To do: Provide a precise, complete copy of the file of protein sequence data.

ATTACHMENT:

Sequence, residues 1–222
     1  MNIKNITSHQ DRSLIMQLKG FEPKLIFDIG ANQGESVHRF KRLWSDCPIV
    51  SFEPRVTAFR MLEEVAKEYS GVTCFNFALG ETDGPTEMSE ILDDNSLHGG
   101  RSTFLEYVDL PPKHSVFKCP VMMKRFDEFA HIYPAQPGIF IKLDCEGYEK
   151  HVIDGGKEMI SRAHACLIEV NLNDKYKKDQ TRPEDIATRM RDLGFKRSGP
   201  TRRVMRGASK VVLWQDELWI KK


Sequence, residues 1–222
     1  MNIKNITSHQ DRSLIMQLKG FEPKLIFDIG ANQGESVHRF KRLWSDCPIV
    51  SFEPRVTAFR MLEEVAKEYS GVTCFNFALG ETDGPTEMSE ILDDNSLHGG
   101  RSTFLEYVDL PPKHSVFKCP VMMKRFDEFA HIYPAQPGIF IKLDCEGYEK
   151  HVIDGGKEMI SRAHACLIEV NLNDKYKKDQ TRPEDIATRM RDLGFKRSGP
   201  TRRVMRGASK VVLWQDELWI KK